D. Keith McInnes, M.S., Deborah C. Saltman, M.D, and Michael R. Kidd, M.D.
D. K. McInnes, D. C. Saltman, and M. R. Kidd, General Practitioners' Use of Computers for Prescribing and Electronic Health Records, Medical Journal of Australia, July 17, 2006 185(2):18891
In the United States, physicians—particularly those in small practices—have been slow to adopt electronic medical records and computerized prescribing, despite evidence demonstrating such tools can help improve the safety and quality of care. In comparison, nearly all Australian general practitioners (GPs) have begun using health information technology during the past decade, according to results from a new survey.
In "General Practitioners' Use of Computers for Prescribing and Electronic Health Records: Results from a National Survey" (Medical Journal of Australia, July 17, 2006), a research team led by D. Keith McInnes, M.S., of the Department of Health Care Policy at Harvard Medical School, reports on results from the survey. Australia's remarkable progress in technology adoption, they find, has been achieved in part through the use of financial incentives and other government programs. McInnes conducted the survey during 2005–06, which he spent in Australia on a Packer Policy Fellowship, part of The Commonwealth Fund–sponsored Australian–American Health Policy Fellowships.
Most Australian GPs Use Clinical Software Tools
The researchers mailed the survey to 3,000 GPs, of which 1,186 responded (40%). Among these, the vast majority (90%) reported using a clinical software package. Virtually all (98%) used the clinical package for regular electronic prescribing. Most also regularly used the software to update medication lists (94%), check for drug–drug interactions (88%), and monitor drug allergies (87%). Smaller percentages checked drug–disease interactions (70%) and recorded their reasons for prescribing certain drugs (65%).
Most GPs who reported having a clinical software package used it to maintain electronic health records for their patients. In particular, they regularly used it to order laboratory tests (85%), update patient allergy information (84%), and generate patient health summaries (84%). Less commonly used functions included creating and updating disease management plans, recording progress notes, accessing educational material for patients, and conducting clinical audits.
Government Incentives Speed Adoption
In the late 1990s, the Australian government offered GPs financial incentives to install computers and clinical software packages for prescribing drugs and transmitting clinical data. This initiative was at least partially responsible for a significant rise in the use of computers by general practitioners, from 15 percent in 1997 to 70 percent in 2000.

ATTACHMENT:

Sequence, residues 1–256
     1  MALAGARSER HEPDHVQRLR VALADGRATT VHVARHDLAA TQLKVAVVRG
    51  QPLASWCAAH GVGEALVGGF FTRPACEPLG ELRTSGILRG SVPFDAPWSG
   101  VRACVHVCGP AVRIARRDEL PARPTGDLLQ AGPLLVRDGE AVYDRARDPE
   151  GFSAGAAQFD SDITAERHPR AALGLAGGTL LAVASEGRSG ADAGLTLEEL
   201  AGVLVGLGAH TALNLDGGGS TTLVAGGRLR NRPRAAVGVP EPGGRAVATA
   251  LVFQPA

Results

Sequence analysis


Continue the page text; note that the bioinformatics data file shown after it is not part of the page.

In the current study, more than half of the practices (56%) said they had received a Practices Incentives Program payment—offered by the Australian government to primary care doctors to promote use of electronic medical records—and nearly one-third (32%) had received a Broadband for Health incentive payment to support installation and use of high speed Internet.
Fewer Doctors Generate Patient Lists, Use Electronic Decision-Support
The researchers did uncover some notable gaps in GPs' current use of certain electronic functions, like generating patient lists—an important tool for managing chronic conditions. Compared with their use of other functionalities, GPs used their computers to generate such lists relatively less often: 58 percent or fewer GPs who used clinical software packages reported using this functionality.
Moreover, while GPs frequently used automatic alerts for medication safety (e.g., to identify drug interactions), most did not regularly use electronic decision-support functions during consultations, which can be used to review prescribing information, assess patients' risk factors, or review chronic disease guidelines. Such tools have the potential to reduce errors and improve quality of care. Still, less than 20 percent of GPs who used a clinical package regularly used these features.
While there is still room for progress to exploit the full potential of health information technologies, Australian general practitioners have achieved universal use of electronic medical records in less than 10 years. According to the researchers, the routine use of electronic prescribing alone is likely to have improved efficiency and quality of care, while reducing medication errors. "Improving adoption of other electronic functions is likely to lead to additional health gains, especially in managing chronic conditions," they conclude.
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